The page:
States have also taken big steps in the last two years to lower taxes, while few states have done the opposite. According to the Tax Foundation’s Jared Walczak, for example, 16 states—mostly red, but also some blue and “purple” ones—enacted or implemented personal (PIT) and/or corporate (CIT) income tax rate reductions in 2021: Arizona (PIT); Arkansas (PIT); Colorado (PIT and CIT); Florida (CIT); Idaho (PIT and CIT); Indiana (CIT); Iowa (PIT); Louisiana (PIT and CIT); Missouri (PIT); Montana (PIT); Nebraska (CIT); New Hampshire (PIT and CIT); North Carolina (PIT and CIT); Ohio (PIT); Oklahoma (PIT and CIT); Wisconsin (PIT). By contrast, only New York and the District of Columbia raised income taxes last year. (Of course they did.)
Here in purple-ish North Carolina (Republican legislature and Democratic governor), I’m delighted to note that our corporate tax rate will hit zero by 2030, thus making the Tarheel State one of the most tax-competitive jurisdictions in the country—quite the change from just a few years ago when we were one of the worst—and a model for other states looking to implement tax reforms in 2022. Speaking of, Walczak recently noted that more state tax cuts are in the cards this year, with tax relief proposals again dwarfing the measly two plans to impose net tax hikes in the coming months (in Hawaii and Massachusetts).
Next, many states are making permanent, bipartisan changes to the health, labor, and social regulations that they temporarily suspended during the pandemic to boost local output, consumption, and flexibility. As the Wall Street Journal wrote last year:
Lawmakers in Texas and at least 19 other states that let bars and restaurants sell to-go cocktails during the pandemic are moving to make those allowances permanent. Many states that made it easier for healthcare providers to work across state lines are considering bills to indefinitely ease interstate licensing rules. Lawmakers in Washington are pushing for Medicare to extend its policy of reimbursing for certain telehealth visits. States also are trying to lock in pandemic rules that spawned new online services, from document notarization to marijuana sales.
Two areas—telehealth and alcohol—warrant special mention for the widespread and radical nature of the statewide reforms undertaken in the last year or so. According to the National Council of State Legislatures, for example, 45 states in 2021 enacted a total of 132 laws to expand telehealth services. Now, 19 states have long-term or permanent telehealth liberalization laws (and four others are still waiving certain prohibitions), and other changes to health care licensure laws—for example on nurses’ scope of practice—are also under consideration.
The booze deregulation has been equally significant. As the Washington Post reported in December, at least nine states have now passed laws or changed regulations to allow for home delivery of alcohol, and many more states are considering similar changes this year—all modeled off laws enacted since 2020. Per R Street, 29 states have extended to-go cocktails permanently or at least until 2023, and R Street booze expert (what a job!) Jarrett Dieterle says we’re “staring down the barrel of an ongoing and immense COVID-triggered alcohol reform wave.”
Or, as one National Restaurant Association official told the Post, it’s “likely the most significant or major change to alcohol laws since the end of Prohibition.” Cheers to that.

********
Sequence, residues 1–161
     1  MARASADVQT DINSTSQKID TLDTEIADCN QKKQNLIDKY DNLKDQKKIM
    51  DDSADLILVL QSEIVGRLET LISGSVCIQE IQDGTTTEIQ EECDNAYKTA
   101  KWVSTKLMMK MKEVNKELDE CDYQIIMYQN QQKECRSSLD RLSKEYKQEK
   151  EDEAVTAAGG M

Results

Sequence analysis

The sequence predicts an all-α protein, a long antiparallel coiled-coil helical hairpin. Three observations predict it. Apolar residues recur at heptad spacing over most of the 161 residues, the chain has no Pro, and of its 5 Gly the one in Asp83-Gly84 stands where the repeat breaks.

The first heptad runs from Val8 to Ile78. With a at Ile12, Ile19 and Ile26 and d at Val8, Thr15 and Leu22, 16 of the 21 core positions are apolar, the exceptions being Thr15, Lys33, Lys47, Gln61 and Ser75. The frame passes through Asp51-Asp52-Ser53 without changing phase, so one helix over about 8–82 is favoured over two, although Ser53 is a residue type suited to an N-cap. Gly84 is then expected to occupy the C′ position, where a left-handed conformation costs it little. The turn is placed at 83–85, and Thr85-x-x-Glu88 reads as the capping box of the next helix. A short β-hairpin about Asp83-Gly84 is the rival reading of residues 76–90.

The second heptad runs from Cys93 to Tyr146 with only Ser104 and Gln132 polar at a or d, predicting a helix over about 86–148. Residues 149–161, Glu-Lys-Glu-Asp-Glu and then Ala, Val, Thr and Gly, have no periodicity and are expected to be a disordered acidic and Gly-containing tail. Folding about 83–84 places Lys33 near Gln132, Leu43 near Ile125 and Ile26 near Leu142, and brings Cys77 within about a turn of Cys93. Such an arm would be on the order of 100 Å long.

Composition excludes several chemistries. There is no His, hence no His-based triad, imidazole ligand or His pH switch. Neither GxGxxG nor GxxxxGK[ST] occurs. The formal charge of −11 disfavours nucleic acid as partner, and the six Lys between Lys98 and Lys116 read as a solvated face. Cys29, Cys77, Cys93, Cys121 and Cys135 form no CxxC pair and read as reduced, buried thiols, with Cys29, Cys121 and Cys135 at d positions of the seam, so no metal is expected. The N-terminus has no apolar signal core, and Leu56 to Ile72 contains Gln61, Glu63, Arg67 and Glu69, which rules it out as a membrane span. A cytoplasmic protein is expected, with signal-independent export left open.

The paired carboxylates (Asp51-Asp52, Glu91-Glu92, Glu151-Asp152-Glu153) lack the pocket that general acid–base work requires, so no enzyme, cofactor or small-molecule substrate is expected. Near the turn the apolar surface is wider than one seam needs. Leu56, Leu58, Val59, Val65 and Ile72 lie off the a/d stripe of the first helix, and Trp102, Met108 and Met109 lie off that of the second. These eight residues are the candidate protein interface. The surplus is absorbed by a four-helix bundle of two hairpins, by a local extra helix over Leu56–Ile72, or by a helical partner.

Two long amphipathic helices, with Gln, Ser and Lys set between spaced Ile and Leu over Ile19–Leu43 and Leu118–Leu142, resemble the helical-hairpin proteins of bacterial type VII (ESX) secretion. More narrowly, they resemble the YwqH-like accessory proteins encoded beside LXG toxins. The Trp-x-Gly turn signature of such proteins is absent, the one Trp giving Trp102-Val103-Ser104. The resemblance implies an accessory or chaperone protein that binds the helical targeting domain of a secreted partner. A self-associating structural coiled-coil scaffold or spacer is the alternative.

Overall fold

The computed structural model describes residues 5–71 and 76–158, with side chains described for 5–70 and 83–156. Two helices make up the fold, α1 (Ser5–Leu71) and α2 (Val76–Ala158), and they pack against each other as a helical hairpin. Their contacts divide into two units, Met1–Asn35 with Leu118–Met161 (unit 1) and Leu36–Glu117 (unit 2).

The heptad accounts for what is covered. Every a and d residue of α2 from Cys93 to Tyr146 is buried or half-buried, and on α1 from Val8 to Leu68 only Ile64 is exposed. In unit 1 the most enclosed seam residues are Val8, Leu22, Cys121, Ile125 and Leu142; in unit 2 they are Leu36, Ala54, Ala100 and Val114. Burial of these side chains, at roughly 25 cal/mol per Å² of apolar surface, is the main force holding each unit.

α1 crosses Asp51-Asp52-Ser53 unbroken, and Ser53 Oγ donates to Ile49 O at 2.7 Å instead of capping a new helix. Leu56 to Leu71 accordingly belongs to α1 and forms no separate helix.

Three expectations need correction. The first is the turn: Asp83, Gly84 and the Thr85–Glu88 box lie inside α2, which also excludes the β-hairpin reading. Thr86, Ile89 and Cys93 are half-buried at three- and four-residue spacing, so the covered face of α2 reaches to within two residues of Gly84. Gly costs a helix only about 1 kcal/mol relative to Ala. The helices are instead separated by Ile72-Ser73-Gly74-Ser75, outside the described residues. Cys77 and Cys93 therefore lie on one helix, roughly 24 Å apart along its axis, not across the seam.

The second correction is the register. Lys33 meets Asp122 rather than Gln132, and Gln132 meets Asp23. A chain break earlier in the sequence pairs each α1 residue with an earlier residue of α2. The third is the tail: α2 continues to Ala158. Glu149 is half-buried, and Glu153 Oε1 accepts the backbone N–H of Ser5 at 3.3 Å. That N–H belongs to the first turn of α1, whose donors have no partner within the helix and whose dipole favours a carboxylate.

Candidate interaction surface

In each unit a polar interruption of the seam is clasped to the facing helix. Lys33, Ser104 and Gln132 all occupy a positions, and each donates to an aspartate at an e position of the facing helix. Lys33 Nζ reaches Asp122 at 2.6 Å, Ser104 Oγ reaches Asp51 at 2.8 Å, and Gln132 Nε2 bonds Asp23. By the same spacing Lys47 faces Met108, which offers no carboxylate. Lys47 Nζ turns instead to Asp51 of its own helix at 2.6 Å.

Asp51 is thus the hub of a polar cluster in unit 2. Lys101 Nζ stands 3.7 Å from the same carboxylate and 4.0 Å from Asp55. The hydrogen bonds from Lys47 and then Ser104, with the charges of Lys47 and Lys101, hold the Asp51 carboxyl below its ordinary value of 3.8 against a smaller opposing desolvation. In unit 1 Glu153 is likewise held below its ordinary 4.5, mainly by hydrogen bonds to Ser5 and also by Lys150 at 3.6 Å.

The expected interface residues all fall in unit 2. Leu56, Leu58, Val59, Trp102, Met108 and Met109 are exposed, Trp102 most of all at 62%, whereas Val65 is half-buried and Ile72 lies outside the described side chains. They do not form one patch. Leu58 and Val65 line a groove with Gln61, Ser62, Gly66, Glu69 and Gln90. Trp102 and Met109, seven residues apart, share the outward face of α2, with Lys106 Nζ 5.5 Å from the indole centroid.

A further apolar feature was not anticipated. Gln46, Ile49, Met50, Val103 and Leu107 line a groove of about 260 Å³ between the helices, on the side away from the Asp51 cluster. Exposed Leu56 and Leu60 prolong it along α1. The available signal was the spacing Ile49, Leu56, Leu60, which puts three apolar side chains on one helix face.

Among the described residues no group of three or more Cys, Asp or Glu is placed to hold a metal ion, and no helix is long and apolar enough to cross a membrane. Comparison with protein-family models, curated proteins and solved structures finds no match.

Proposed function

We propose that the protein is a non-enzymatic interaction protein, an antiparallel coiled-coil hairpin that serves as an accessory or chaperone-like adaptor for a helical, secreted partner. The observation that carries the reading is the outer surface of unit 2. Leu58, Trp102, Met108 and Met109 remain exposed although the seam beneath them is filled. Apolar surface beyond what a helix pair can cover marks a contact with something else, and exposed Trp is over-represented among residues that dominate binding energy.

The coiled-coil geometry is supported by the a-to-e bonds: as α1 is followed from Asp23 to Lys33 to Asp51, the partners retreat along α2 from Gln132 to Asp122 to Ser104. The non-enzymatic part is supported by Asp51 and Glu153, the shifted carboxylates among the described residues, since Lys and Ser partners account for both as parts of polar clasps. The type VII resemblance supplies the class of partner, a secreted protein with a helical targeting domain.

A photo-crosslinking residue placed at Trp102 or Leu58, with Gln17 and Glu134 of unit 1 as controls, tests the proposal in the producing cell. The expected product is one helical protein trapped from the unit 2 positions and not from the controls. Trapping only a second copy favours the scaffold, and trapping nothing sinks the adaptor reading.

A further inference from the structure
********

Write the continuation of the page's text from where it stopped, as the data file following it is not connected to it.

The pandemic-induced changes to state alcohol laws join other “libertarian” social and legal reforms—for example, on gambling (especially sports - see chart below), recreational drugs (especially marijuana), and criminal justice—that were gaining steam before COVID-19 hit. More changes are likely on the way this year, too.
Surely, not everything is Hayekian wine and roses at the state and local levels these days, but the green shoots of liberty are manifest, and there are far fewer signs of the opposite.
National Changes, Too
Obviously, things aren’t as rosy in Washington, where fiscal discipline is in short supply, protectionism and industrial policy are trendy (again), immigration remains a third rail, and deep regulatory reform is a pipedream. However, even here there are some reasons for libertarian optimism. For starters, serious inflationary pressures have not only cooled Democrats’ big spending plans but also refocused attention on how the rising cost of basic necessities can undermine American living standards —even when wages are rising too (just not as much). Today, politicians who once obsessed over workers’ incomes and “free” stuff are now obsessed with rising prices and declining consumption, sounding a lot like little ol’ me in pre-inflation 2020 (“trying to fix cost issues through income policies is like buying new pants after a year-long… doughnut diet”) in the process. This rapid shift in political sentiment is particularly impressive, given the vocal abandonment of consumer primacy on both the left (e.g., in antitrust) and the right (e.g., on trade and immigration) in recent years.
But that was before steak prices went up 20 percent.
Similarly, persistent supply chain bottlenecks and labor shortages have suddenly turned everyone in Washington into a “supply sider”—a term for mainly right leaning, “supply side” economists who emphasize how taxes and regulation affect the supply of goods and services (and thus economic growth). This includes even President Joe Biden, whose Treasury Secretary Janet Yellen recently dubbed their trillion-dollar education and workforce proposals “modern supply side economics.” That’s mostly just empty political rhetoric, but there does appear to be a broader shift among folks on the right and (especially) the left acknowledging the supply side of the economic equation (as opposed to just government spending and demand) and how outdated, sclerotic regulations at all levels of government—not to mention bureaucratic incompetence—have exacerbated pandemic problems, whether they’re in supply chains, medical goods (especially vaccines and COVID tests), or labor markets.